Should A Computer Be Your HR Director?
If I was an HR Director, which for most people is a very scary thought, I would be slow to hire and quick to fire. Slow to hire because obviously a good employee is the building block of your business; quick to fire because it’s often painfully obvious when someone is not a good fit. It is best for both that employee and the investment of the company to cut the cord as quickly as possible. But what if a computer system could avoid this issue completely by using an algorithm to decide which people are best suited for a given position? That’s exactly what Xerox Corp. is doing.
In a great article this morning, the Wall Street Journal is reporting that Xerox is turning over decisions over who to hire for its 48,700 call center jobs to a software program, which uses information developed from the reams of data now available on employees to develop a model of the attributes that make a person best suited for the job. For instance, supervisors used to think that the call center wasn’t a good place for creative people, but the software says to look for creative people and not inquisitive people. Applicants for positions answer questions generated by a computer program to determine the best potential hires. The system is already raising eyebrows at the Equal Opportunity Employment Commission, which is reviewing similar software to make sure that it doesn’t have the impact of discriminating against minorities.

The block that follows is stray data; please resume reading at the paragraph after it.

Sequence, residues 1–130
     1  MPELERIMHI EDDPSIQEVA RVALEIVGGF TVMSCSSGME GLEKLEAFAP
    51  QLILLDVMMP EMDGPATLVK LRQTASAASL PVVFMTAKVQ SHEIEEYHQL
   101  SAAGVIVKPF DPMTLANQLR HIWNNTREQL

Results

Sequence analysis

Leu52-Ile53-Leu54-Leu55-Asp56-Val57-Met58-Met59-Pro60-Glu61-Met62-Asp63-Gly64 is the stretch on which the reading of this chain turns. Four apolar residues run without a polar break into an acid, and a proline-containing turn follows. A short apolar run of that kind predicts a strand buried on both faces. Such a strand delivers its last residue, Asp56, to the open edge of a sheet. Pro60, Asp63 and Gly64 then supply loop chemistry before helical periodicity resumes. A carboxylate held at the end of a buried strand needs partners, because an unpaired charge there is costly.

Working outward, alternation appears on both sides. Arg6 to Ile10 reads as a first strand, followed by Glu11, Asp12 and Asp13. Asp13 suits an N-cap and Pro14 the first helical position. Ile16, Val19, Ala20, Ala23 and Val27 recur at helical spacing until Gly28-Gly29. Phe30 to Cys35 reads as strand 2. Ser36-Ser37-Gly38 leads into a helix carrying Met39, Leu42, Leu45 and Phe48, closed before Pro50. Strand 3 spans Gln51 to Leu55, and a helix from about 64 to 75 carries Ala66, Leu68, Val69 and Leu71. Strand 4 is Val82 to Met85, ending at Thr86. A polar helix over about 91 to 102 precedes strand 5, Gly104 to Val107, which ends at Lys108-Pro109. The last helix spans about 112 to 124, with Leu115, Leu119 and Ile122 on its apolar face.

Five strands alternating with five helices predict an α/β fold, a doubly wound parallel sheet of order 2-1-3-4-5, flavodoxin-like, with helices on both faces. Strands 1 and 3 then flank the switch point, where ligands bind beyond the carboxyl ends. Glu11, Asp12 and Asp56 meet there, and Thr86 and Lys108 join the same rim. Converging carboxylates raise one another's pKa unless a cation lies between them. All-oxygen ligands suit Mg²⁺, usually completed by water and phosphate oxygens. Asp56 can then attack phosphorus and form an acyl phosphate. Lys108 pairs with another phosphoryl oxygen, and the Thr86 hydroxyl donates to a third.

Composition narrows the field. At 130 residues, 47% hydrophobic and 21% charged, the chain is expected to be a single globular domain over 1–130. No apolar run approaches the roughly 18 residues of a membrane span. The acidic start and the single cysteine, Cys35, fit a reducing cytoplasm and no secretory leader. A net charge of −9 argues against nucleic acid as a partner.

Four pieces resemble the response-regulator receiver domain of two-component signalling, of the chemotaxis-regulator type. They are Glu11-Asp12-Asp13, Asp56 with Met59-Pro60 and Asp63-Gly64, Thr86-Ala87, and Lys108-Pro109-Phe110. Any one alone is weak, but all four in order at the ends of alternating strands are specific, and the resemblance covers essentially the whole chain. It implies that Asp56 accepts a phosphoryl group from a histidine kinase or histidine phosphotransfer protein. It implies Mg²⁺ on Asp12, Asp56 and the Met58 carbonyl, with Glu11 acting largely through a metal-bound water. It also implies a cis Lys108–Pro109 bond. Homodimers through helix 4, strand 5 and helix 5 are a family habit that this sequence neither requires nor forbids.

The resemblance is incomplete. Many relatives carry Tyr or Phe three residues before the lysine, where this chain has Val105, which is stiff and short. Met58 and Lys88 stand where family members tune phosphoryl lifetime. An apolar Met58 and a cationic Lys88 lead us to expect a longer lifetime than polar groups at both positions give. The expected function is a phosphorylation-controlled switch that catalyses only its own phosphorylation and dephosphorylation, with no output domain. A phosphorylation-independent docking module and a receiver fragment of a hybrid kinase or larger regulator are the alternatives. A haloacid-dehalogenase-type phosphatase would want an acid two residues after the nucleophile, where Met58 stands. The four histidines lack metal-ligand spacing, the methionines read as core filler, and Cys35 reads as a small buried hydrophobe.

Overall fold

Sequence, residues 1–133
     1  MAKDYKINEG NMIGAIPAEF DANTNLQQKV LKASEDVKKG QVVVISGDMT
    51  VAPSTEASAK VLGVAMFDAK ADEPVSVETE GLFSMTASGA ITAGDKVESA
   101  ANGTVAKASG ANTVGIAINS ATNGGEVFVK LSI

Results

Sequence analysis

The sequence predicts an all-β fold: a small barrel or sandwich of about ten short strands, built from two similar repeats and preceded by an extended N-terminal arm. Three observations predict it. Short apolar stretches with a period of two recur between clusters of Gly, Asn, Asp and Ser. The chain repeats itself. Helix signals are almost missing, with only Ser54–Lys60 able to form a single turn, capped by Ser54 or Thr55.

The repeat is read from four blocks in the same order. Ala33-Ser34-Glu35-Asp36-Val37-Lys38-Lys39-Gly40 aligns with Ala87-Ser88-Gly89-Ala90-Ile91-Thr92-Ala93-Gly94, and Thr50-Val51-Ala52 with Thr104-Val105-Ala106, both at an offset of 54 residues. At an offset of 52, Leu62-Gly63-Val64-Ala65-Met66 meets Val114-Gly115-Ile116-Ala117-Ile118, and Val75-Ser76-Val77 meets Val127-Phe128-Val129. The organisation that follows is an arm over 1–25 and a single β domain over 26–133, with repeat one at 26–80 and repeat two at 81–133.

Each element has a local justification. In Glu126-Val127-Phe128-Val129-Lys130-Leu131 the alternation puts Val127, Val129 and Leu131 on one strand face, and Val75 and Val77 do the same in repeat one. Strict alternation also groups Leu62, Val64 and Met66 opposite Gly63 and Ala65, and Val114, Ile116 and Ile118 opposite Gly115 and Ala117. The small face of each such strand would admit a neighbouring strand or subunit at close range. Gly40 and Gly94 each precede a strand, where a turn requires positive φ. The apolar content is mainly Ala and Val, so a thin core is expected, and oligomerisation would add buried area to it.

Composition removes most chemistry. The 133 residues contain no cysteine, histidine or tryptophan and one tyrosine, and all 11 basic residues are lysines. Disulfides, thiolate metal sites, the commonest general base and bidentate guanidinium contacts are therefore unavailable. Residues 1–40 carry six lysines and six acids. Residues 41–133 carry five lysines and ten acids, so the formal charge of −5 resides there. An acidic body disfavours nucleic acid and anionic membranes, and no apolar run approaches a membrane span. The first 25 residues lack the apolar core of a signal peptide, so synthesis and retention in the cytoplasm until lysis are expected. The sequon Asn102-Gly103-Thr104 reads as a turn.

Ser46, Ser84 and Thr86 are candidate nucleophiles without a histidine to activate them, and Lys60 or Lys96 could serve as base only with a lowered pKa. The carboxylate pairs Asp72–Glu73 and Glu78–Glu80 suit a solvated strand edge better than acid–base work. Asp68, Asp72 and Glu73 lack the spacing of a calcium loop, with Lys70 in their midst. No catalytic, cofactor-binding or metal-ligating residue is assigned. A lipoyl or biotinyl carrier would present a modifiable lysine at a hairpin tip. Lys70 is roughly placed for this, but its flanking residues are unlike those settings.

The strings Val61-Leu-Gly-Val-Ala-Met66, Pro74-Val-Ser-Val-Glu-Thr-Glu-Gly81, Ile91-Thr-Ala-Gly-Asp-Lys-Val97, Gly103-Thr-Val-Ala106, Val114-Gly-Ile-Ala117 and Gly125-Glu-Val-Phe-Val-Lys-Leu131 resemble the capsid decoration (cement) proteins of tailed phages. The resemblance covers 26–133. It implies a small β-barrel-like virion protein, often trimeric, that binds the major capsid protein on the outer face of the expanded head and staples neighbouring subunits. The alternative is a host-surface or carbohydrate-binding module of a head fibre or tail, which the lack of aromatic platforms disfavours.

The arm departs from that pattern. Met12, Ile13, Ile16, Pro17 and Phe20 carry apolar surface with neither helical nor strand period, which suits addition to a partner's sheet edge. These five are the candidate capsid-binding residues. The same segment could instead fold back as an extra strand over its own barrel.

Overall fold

As more and more applications are developed for “big data,” managers of businesses of all sizes will be confronted by decisions that make them choose between their gut and what the statistics say. As pointed out recently in the Harvard Business Review, the successful 21st Century manager is the person who best manages the balance between statistics and instincts to make the best decisions.
Tim Pawlenty to be Named Head of the Financial Services Roundtable
Tim Pawlenty, the former Minnesota Governor, failed Republican candidate for President and conventional wisdom choice for Mitt Romney’s running mate is reportedly about to join the ranks of ex-Governor’s lobbying for the financial services industry. Pawlenty is going to head the Financial Services Roundtable, the powerful organization that seeks to coordinate the financial industry’s lobbying effort in Washington. Pawlenty used to tell people that he was a proud credit union member, so perhaps he will use his new-found position to tone down some of the vitriol another ex-Governor, Frank Keating, is spewing on behalf of the Bankers’ Association. Somehow, I doubt it.